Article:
I’ve always been a fan of science journalism. Popular science tomes like Evolution for Everyone (David Sloan Wilson), The Immortal Life of Henrietta Lacks (Rebecca Skloot), and The Dynamic Dance (Barbara J. King) have expanded my sphere of knowledge and influenced the way I view the world around me. The best science journalism seeks to both inspire and educate, making difficult concepts into easy to digest ones that even laypeople can take something away from.
When we were tasked with coming up with an emerging media field test, I knew that I wanted to explore the use of technology in science journalism. #SciComm, as it’s popularly referred to on platforms like Twitter and Instagram, is almost inseparable from the words that comprise it, as writers seek to elucidate difficult topics and make them palatable for a broader audience. In recent years, however, brands like Discovery have branched out into first traditional video, then 360 video, and recently even Virtual Reality (with the advent of Discovery VR). Scicomm and science journalism are clearly starting to embrace emerging technologies. Could chatbots be one of those options?
For my field test, I used the emerging technology of a chatbot and compared it to the traditional media format of a written article, to see which delivery method would cause users to retain more information about a given subject. Since the main goal of science journalism is to educate, rather than entertain, I thought a measure of knowledge retention would be appropriate. It was my hypothesis that the traditional article format would provide a richer experience, and thus allow users to retain a certain set of facts better than if they had talked to a chatbot about the same topic.
My reasoning for this was simple: a chatbot, I thought, might be a great way to get specific answers people were looking for, but the number of questions you could ask it are seemingly endless. If my goal was to have people retain specific information, the freeform nature of chatbots might mean that while people could get any information they desired, they might not think to inquire about the information I wanted them to learn, a case of “you don’t know what you don’t know.” On the other hand, a traditional article lays everything the journalist wants you to learn out in the bounds of the word count. For this reason, I thought the article would be more effective at conveying specific information, but I was certainly willing to test the new chatbot technology to find out if this was actually the case!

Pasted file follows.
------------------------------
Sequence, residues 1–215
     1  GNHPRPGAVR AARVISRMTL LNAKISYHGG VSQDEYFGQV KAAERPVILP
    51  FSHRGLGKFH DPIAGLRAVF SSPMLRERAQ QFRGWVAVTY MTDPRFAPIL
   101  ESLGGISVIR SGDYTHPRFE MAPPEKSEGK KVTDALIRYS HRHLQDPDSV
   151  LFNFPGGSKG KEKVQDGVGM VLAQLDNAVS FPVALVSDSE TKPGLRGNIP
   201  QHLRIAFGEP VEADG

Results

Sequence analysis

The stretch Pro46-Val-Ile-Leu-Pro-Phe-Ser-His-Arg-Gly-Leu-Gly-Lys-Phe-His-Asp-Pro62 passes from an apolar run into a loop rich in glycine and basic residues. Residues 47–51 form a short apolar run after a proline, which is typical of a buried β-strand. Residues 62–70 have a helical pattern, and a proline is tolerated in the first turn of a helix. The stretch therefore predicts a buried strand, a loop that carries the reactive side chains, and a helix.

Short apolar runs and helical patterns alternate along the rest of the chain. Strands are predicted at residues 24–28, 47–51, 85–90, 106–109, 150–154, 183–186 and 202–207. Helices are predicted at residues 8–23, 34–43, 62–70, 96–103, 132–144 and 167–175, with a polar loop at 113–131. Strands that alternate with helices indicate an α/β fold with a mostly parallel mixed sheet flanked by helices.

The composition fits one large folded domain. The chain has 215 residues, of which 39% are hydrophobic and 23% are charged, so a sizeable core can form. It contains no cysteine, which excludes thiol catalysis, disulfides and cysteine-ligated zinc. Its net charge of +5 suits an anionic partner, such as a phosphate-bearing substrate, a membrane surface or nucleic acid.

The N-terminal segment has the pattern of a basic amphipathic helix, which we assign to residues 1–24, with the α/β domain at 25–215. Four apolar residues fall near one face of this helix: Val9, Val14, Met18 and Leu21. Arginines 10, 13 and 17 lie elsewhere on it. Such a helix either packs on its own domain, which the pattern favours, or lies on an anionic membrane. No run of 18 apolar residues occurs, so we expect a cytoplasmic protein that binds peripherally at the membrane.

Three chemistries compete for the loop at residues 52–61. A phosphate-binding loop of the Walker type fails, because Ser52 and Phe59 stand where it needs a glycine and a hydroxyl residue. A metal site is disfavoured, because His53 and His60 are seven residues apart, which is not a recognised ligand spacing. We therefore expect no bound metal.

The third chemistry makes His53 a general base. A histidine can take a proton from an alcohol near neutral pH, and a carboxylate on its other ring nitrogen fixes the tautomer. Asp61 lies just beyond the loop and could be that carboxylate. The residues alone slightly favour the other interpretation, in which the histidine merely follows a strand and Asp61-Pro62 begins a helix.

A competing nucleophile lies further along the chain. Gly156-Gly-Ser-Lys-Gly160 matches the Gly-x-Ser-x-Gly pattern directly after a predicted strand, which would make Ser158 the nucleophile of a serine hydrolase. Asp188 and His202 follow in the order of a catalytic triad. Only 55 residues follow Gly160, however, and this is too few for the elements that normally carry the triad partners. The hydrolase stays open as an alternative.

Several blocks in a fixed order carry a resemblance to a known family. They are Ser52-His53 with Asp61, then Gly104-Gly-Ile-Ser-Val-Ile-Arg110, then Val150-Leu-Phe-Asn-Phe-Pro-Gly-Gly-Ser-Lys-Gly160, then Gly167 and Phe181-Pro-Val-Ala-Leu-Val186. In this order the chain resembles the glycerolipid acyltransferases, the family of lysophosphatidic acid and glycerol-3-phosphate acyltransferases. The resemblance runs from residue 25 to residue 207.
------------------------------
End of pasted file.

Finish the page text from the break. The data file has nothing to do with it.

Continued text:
The next step was to define an appropriate target audience on which to run this experiment. I settled for a demographic of people 20-35 years of age, who could be reached using the mediums of Facebook and email. In particular, the chatbot would be distributed/advertised to people on Facebook, assuring that they were already familiar with the technology and platform (since the chatbot I chose to use operates through Facebook Messenger). To my mind, this meant that my participants would be tech-savvy and unbiased against the “emerging technology” status of a chatbot. The article, by contrast, would be delivered via email, but still to the same demographic of people 20-35 years of age, so that I wouldn’t see overlap in article readers who might have already perused the chatbot, but proper comparisons could still be made.
I chose to focus my field test on Zika after following several science journalism sites for months (chief among them, STATnews), and seeing the Zika virus come up again and again as a journalistic topic in 2016. The virus and 2016’s subsequent Public Health Emergency were front of mind for many this year. I wanted to test out both emerging tech and #scicomm trends, and an important subject like Zika seemed just the way to do it. The facts included in my chatbot and article were based on the top-asked questions in the Center for Disease Control’s FAQ about Zika.
The outline of this experiment was simple: all I had to do was build a chatbot to address key questions about Zika virus, write an article that covered the same basic questions and facts, and then have user/readers interact with the two different formats (only one type per person) before taking a quiz to assess how much they had learned from the materials in question. Then I could compare the two formats based on their average quiz score to see which was more effective at transmitting information.